the Future," appeared in two Public Service Announcements 
(PSAs) and two billboard designs (one each for Albanians and 
Serbs) and aired through February (Ref A).  The second phase, 
developed after Ahtisaari's visit on February 2, now provides 
a greater level of detail to assuage fears and counter 
specific misconceptions about elements of the package.  For 
Kosovo Albanians, the campaign has focused on those aspects 
of Ahtisaari's proposals that suggest the attributes and 
responsibilities of future sovereignty (delivered by an 
international Kosovar football star to make the message 
compelling for young people).  For Kosovo Serbs, the messages 
have focused closely on the decentralization and security 
elements of the package that will permit them to live safely 
and securely in post-status Kosovo.  At a March 1 meeting of 
the Public Outreach Working Group, the local PR firm engaged 
with this effort presented the final product, noting that it 
had been focus group-tested in both the Albanian and Serb 
communities.  With the slogan, "Kosovo, Secure" or "Kosovo, 
For Sure," the campaign began airing on March 1 wtih 3 TV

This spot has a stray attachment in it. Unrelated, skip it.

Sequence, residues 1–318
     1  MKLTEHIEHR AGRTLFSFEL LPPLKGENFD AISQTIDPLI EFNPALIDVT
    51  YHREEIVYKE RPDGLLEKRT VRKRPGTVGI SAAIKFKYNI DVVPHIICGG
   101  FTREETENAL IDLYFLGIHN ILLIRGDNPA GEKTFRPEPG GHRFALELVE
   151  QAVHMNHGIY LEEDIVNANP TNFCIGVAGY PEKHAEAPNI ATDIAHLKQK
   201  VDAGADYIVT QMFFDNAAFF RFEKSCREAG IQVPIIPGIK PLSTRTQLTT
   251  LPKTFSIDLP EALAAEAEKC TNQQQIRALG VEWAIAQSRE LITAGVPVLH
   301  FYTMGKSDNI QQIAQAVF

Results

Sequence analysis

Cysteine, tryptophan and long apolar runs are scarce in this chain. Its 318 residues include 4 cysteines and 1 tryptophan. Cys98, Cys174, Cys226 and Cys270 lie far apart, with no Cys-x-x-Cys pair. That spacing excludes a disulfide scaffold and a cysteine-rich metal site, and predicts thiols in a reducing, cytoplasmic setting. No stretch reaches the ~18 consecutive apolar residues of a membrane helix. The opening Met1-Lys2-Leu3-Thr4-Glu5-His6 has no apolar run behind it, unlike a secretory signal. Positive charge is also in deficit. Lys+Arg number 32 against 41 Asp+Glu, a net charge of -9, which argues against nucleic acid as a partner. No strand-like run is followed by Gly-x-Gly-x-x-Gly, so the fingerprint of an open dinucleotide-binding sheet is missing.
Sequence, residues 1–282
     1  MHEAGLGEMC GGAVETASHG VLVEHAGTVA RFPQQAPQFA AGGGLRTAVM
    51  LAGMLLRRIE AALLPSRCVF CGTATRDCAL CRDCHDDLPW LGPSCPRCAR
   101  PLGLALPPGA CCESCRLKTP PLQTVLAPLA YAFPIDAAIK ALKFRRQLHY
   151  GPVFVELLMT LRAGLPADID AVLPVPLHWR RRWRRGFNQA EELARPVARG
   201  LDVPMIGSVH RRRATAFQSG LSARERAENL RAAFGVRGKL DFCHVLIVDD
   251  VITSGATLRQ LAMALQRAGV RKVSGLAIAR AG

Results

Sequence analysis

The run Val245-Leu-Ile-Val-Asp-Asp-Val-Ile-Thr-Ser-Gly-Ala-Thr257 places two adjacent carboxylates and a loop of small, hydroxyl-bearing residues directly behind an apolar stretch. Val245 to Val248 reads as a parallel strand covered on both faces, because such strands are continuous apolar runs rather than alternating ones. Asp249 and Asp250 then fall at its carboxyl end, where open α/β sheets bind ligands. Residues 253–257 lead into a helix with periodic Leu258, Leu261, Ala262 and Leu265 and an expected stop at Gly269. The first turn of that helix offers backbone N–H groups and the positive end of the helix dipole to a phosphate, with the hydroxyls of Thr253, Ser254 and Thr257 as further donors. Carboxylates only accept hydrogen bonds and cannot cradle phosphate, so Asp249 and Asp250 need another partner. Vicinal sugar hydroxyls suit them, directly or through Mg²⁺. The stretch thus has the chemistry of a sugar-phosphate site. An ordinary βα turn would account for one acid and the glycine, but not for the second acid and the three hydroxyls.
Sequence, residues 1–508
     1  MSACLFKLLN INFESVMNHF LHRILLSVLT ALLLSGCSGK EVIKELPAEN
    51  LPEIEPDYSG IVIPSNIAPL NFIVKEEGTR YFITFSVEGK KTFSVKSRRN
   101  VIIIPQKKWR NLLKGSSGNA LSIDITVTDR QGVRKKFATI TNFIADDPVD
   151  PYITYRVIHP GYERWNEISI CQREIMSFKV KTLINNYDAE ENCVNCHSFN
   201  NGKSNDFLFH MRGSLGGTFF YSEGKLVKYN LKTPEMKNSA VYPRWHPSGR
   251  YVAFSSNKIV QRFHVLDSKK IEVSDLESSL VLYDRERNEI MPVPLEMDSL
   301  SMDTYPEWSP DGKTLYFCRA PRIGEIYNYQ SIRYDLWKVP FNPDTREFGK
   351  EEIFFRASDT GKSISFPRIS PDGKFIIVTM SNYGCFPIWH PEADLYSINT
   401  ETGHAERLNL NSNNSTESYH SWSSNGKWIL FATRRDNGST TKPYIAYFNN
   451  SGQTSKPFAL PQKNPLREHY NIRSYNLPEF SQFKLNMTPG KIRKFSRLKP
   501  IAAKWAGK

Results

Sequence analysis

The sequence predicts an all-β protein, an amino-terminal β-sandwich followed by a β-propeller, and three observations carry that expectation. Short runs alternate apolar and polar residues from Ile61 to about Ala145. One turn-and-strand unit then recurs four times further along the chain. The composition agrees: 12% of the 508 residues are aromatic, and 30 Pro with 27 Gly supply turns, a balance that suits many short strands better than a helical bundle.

PSAs (2 Albanian, 1 Serb), 3 billboard designs (2 Albanian, 1 
Serb), and 3 radio ads (all Serb).  A website 
(www.sigurt.info and www.sigurno.info) has all the 
information about the campaign, copies of the settlement 
document (as provided and translated by the Unity Team) in 
Albanian and Serbian, and other useful information that will 
be up and running by March 2. (Note: The Albanian word 
"sigurt" is versatile and useful in this context; it can mean 
safe, secure, certain or sure.  End note) 
 
¶3.  (U)  The TV magazine series, like the media campaign, has 
 
PRISTINA 00000161  002 OF 003 
 
 
been coordinated by the USAID contractor, Academy for 
Educational Development (AED), and consists of four 27-minute 
programs dealing with security, community rights, 
decentralization and cultural heritage, set to begin airing 
in mid-March.  The COM kicked off the series with an 
interview on February 12.  By partnering local TV stations 
from Albanian and Serb communities, each program highlights 
the specific concerns communities have about one of these 
four topics, to enhance Albanian understanding of Serb fears 
and vice versa.  In a separate effort, televised dialogues 
between Kosovo Albanians and Kosovo Serbs, moderated by the 
well-regarded Belgrade-based NGO Fractal, also aim to educate 
each side on the other's feelings about status.  KFOR is also 
sponsoring radio shows (in both Q&A call-in and panel 
discussion formats) that reiterate KFOR's continuing presence 
in Kosovo and its commitment to Kosovo's security.  These 
shows are aimed primarily at Kosovo Serbs. 
 
Community roundtables and town hall meetings 
 
¶4. (SBU)  AED, through a subcontract with the local Advocacy, 
Training and Resource Center (ATRC), is also conducting 33 
community roundtables.  After participating in a two-day 
training session, NGOs from designated municipalities have